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Re: Disabling PCI "hot-unplug" for a guest (and/or a single PCI device)

From: Laine Stump
Subject: Re: Disabling PCI "hot-unplug" for a guest (and/or a single PCI device)
Date: Wed, 5 Feb 2020 11:29:58 -0500
User-agent: Mozilla/5.0 (X11; Linux x86_64; rv:68.0) Gecko/20100101 Thunderbird/68.4.1

On 2/4/20 1:43 PM, Daniel P. Berrangé wrote:
On Mon, Feb 03, 2020 at 05:19:51PM -0500, Laine Stump wrote:
Although I've never experienced it, due to not running Windows guests, I've
recently learned that a Windows guest permits a user (hopefully only one
with local admin privileges??!) to "hot-unplug" any PCI device. I've also
learned that some hypervisor admins don't want to permit admins of the
virtual machines they're managing to unplug PCI devices. I believe this is
impossible to prevent on an i440fx-based machinetype, and can only be done
on a q35-based machinetype by assigning the devices to the root bus (so that
they are seen as integrated devices) rather than to a pcie-root-port. But
when libvirt is assigning PCI addresses to devices in a q35-base guest, it
will *always* assign a PCIe device to a pcie-root-port specifically so that
hotplug is possible (this was done to maintain functional parity with i440fx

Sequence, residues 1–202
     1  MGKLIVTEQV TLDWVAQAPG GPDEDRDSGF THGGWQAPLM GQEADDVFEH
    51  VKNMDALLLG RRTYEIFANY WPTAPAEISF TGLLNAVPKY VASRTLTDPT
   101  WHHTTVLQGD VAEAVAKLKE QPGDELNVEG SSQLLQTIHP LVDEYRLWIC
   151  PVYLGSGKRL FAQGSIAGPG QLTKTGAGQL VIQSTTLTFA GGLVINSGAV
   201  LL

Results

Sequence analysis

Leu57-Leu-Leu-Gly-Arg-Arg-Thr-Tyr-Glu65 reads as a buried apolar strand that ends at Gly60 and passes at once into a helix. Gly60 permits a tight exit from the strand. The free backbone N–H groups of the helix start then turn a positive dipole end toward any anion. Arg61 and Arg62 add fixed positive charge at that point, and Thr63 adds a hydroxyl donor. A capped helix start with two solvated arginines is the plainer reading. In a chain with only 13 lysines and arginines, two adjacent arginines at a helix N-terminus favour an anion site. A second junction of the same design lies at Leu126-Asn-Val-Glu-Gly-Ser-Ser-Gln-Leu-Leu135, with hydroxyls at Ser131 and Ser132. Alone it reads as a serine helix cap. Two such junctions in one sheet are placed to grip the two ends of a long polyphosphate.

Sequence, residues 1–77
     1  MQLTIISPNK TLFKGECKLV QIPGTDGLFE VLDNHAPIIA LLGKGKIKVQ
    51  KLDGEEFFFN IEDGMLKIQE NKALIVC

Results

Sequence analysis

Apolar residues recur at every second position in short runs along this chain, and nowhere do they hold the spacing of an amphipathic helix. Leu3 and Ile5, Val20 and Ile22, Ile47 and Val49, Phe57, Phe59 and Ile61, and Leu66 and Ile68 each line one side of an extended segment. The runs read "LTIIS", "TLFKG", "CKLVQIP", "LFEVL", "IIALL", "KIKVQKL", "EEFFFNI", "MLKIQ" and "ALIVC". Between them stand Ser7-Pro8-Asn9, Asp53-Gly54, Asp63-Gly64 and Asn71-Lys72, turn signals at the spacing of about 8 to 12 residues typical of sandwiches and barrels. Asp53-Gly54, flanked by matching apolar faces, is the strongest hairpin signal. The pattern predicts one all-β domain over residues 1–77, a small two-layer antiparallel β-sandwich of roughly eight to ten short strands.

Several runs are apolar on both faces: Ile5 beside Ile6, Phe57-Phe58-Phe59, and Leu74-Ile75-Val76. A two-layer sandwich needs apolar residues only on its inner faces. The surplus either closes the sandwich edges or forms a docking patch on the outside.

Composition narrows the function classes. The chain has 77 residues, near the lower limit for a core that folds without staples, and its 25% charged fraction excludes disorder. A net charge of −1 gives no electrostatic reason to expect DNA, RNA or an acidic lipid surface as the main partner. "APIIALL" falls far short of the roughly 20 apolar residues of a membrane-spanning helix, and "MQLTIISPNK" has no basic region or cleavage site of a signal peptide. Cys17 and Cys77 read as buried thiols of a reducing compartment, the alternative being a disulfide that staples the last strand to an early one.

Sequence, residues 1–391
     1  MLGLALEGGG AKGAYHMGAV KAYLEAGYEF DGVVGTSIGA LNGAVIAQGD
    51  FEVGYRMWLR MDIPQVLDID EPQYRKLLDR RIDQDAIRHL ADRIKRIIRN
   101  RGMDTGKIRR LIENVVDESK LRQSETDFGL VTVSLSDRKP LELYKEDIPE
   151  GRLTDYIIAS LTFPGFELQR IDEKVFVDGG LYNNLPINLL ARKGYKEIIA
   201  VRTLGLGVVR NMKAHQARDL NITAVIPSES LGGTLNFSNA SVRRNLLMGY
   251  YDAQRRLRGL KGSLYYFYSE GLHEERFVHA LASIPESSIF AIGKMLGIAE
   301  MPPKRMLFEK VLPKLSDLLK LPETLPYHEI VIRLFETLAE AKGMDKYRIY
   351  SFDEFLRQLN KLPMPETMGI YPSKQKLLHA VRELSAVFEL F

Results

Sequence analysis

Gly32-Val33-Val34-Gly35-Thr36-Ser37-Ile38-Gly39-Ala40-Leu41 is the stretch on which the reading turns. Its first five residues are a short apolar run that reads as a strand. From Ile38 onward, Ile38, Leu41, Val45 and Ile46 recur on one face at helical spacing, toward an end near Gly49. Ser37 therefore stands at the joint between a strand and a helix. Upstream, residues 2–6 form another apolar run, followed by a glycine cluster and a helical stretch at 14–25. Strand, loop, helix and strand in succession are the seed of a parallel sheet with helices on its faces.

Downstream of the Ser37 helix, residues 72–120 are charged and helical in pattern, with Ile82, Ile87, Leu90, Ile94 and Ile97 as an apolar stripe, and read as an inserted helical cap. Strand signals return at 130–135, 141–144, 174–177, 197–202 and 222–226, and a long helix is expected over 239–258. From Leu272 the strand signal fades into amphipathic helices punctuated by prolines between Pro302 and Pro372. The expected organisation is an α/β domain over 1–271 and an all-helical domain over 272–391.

guests, where all PCI slots support hotplug).

After speaking with Alex & Laine on IRC, I learnt some further relevant

  - In a "typical" physical machine PCI slots will not be marked
    as hotpluggable - /sys/bus/pci/slots only has 2 entries on
    my HP DL180, corresponding to unused physical PCI slots
- QEMU is hardcoded to report all pci & pcie-root-ports as hotpluggable.
    So /sys/bus/pci/slots on i440fx has 31 entries, one for every
    device, while on q35 it has one entry for every pcie-root-port

  - It is conceptually possible to enhance pcie-root-port device
    to allow its hotplug capability to be toggled. Alternatively
    a parallel  pcie-root-port-nohotplug device could be created.
    The end result would be the same from guest POV

  - The vfio-pci device has a companion vfio-pci-nohotplug
    device. The difference is simply whether the QEMU DEviceClass
    has the "hotpluggable" attribute set, and is separate from
    whether the PCI(e) root port has hotplug enabled

The last point here about vfio-pci si particularly important,
as it shows libvirt needs to be capable of tracking hotpluggability
independantly on the PCI port and the PCI device attached to the

1) Rather than leaving the task of assignung the PCI addresses of devices to
libvirt (which is what essentially *all* management apps that use libvirt
currently do), the management application could itself directly assign the
PCI addressed of all devices to be slots on pcie.0.